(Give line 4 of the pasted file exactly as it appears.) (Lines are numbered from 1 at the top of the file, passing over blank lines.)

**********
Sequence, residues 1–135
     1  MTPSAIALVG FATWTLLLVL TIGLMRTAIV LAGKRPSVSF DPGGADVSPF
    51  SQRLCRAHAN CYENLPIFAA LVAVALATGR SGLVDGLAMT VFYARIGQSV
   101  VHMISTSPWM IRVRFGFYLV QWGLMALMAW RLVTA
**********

   101  VHMISTSPWM IRVRFGFYLV QWGLMALMAW RLVTA